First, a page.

Installing Mercurial on Mac OS X 10.6 Snow Leopard

I installed Mercurial 1.3.1 on Mac OS X 10.6 Snow Leopard from source using the following:

cd ~/src
curl -O https://www.mercurial-scm.org/release/mercurial-1.3.1.tar.gz
tar -xzvf mercurial-1.3.1.tar.gz
cd mercurial-1.3.1
make all
sudo make install

This installs the site-packages files for Mercurial in /usr/local/lib/python2.6/site-packages/. I know that installing Mercurial from the Mac Disk Image will install the files into /Library/Python/2.6/site-packages/, which is the site-packages directory for the Mac OS X default Python install.

I have Python 2.6.2+ installed as a Framework with its site-packages directory in:


With Mercurial installed this way, I have to issue:


in order to get Mercurial to work.


  • How can I install Mercurial from source with the site-packages in a different directory?
  • Is there an advantage or disadvantage to having the site-packages in the current location? Would it be better in one of the Python site-package directories that already exist?
  • Do I need to be concerned about virtualenv working correctly since I have modified PYTHONPATH (or any other conflicts for that matter)?

Reasons for Installing from Source

Dan Benjamin of Hivelogic provides the benefits of and instructions for installing Mercurial from source in his article Installing Mercurial on Snow Leopard.

  • Macports is an option; however, in this case, I'm interested in installing Mercurial from source. It seems natural to me to use Mercurial to keep itself up to date, although you have to solve the chicken and egg problem, which is what led to my question. Dec 30, 2009 at 13:41

5 Answers 5


Why need to use macports? python easy_install is the easiest way and error free:

easy_install -U mercurial

It's just a simple gold bullet, all the time.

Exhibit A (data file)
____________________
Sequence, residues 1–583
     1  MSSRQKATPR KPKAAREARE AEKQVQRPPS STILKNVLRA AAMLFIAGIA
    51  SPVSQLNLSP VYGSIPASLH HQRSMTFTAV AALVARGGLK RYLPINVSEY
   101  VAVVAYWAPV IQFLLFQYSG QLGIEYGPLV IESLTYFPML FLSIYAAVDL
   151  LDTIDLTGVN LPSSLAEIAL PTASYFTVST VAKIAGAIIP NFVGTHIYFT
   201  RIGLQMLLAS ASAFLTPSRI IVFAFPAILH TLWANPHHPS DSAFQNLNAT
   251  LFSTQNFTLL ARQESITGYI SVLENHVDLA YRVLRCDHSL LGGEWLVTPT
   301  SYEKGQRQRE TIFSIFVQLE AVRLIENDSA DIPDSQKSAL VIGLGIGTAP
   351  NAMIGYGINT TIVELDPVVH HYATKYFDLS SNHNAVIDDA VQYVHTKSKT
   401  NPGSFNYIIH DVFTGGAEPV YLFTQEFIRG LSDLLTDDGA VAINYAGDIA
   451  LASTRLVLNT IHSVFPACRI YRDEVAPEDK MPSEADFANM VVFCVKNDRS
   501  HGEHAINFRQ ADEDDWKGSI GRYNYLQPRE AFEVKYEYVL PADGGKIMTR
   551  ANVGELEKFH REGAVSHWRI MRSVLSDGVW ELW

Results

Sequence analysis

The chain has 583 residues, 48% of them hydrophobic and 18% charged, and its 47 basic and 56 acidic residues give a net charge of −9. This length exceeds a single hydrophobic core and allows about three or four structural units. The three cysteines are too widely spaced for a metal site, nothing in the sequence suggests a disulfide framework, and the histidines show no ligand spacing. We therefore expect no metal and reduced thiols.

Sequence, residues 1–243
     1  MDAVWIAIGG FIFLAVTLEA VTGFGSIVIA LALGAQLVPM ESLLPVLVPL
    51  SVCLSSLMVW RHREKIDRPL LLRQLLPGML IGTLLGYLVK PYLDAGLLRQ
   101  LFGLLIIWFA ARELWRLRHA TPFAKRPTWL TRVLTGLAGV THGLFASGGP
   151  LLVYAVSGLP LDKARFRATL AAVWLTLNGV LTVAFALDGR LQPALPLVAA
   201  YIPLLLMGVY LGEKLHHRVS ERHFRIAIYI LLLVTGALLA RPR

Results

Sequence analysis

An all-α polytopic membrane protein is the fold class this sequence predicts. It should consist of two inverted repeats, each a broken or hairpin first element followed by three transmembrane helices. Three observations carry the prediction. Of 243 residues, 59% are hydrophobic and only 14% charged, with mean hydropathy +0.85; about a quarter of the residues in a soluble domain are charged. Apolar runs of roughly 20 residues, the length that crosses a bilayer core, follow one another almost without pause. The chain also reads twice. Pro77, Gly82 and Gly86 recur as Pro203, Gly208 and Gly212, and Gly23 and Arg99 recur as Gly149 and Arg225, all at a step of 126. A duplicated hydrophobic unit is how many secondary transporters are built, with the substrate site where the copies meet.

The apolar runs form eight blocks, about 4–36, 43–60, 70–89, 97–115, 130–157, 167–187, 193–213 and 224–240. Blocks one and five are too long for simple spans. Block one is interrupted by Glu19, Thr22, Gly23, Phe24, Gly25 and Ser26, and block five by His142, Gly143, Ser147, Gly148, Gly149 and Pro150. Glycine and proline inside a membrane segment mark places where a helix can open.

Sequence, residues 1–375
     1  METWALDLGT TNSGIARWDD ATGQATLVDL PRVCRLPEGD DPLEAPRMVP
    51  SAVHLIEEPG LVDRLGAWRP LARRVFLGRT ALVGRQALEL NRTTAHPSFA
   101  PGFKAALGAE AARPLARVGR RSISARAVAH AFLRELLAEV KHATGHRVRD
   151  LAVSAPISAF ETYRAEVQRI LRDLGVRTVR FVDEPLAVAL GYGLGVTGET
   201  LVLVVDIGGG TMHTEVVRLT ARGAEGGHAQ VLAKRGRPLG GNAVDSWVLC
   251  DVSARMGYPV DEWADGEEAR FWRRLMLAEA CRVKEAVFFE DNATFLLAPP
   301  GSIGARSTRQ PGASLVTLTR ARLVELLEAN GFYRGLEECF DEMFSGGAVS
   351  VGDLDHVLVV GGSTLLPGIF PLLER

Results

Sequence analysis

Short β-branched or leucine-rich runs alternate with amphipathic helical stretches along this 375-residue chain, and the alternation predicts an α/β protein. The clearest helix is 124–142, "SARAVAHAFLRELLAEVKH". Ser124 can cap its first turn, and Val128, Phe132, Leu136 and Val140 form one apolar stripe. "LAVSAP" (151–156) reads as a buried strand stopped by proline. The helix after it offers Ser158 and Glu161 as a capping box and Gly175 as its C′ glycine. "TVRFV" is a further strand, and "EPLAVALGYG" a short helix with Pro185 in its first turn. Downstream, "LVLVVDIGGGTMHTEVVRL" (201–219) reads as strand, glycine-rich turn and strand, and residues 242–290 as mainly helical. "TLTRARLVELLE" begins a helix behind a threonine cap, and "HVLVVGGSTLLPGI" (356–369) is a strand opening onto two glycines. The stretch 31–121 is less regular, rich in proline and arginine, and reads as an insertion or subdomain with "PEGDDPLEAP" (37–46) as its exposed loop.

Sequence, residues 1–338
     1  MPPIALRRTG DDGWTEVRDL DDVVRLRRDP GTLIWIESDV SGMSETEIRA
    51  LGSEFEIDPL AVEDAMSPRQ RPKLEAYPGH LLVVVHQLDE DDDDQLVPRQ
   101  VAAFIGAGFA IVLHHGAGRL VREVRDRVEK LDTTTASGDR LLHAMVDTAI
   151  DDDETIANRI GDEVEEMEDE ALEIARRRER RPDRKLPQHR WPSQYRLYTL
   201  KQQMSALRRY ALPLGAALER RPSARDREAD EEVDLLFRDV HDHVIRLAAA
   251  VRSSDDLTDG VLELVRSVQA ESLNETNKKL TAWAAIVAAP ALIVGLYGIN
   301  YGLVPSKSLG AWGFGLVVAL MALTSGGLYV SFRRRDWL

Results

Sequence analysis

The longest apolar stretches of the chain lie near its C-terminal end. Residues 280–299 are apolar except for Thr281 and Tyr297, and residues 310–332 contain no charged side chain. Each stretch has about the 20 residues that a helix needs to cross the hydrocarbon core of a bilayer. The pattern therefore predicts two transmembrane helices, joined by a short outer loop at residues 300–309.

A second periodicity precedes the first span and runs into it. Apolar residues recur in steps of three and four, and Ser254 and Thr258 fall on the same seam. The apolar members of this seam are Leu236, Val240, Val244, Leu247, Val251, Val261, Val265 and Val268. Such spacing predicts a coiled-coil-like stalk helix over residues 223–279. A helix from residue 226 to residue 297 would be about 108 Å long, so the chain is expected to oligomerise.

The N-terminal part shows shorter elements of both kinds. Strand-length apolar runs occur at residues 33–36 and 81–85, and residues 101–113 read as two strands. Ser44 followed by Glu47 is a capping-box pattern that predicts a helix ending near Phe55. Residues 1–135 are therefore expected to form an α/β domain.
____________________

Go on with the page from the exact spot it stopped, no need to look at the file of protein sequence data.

• Installing via macports or easy_install are both options. However, my questions are regarding installing Mecurial from source. Apr 2, 2010 at 13:17

Especially since you have Python 2.6 available you can do something like python setup.py install --user, which will install Mercurial with ~/.local as prefix. You don't have to change the PYTHONPATH for this but only add ~/.local/bin to your PATH.

Regarding advantages and disadvantages: That all depends on what your PYTHONPATH in general looks like since modifying it will naturally modify the load order of packages (which becomes relevant if you have one version of Mercurial installed with one prefix and another with a different prefix). In general, I try to put all custom packages into a certain site-packages folder (say /usr/local/lib/python2.6/site-packages). Again: If you are the only person who will use those libs, the --user flag provided by Python 2.6's distutils makes something like this pretty easy (with adding ~/.local to the default search path for modules).

virtualenv should work just fine as long you your PYTHONPATH is used consistently.


Install mercurial - or any Python package in general - into your user home directory. Thus you can access them from any Python (of same version) or any virtualenv. See PEP 370 for details.

$ cd mercurial-x.y.z/
$ python2.6 setup.py install --user
$ ~/.local/bin/hg

But why do you want to build mercurial manually? I use macports.

$ sudo port install mercurial
$ which hg

Update: Nowadays, I simply use PyPM to install mercurial into ~/.local/bin/hg.


as suggested by Sridhar, macports works fine on multiple architecture and versions of MacOsX + allows updates and more:

$ port variants mercurial
mercurial has the variants:
   bash_completion: Completion support for bash
   zsh_completion: Install mercurial zsh completion file

so that you may use:

$ sudo port install mercurial +bash_completion
--->  Computing dependencies for mercurial
--->  Fetching mercurial
--->  Attempting to fetch mercurial-1.3.1.tar.gz from http://arn.se.distfiles.macports.org/python
--->  Attempting to fetch mercurial-1.3.1.tar.gz from http://www.selenic.com/mercurial/release/
--->  Verifying checksum(s) for mercurial
--->  Extracting mercurial
--->  Configuring mercurial
--->  Building mercurial
--->  Staging mercurial into destroot
--->  Installing mercurial @1.3.1_0+bash_completion
--->  Activating mercurial @1.3.1_0+bash_completion
--->  Cleaning mercurial

All those answers look complicated to the average mac OS X users, because they are specific to other install platforms. As of now the Mercurial website offers an installer package (compressed as a zip file).

  • 2
    Got a link for us? (Silly that SO won't let my comment be "Link?" (too short.))
    – Olie
    Jun 20, 2010 at 21:27

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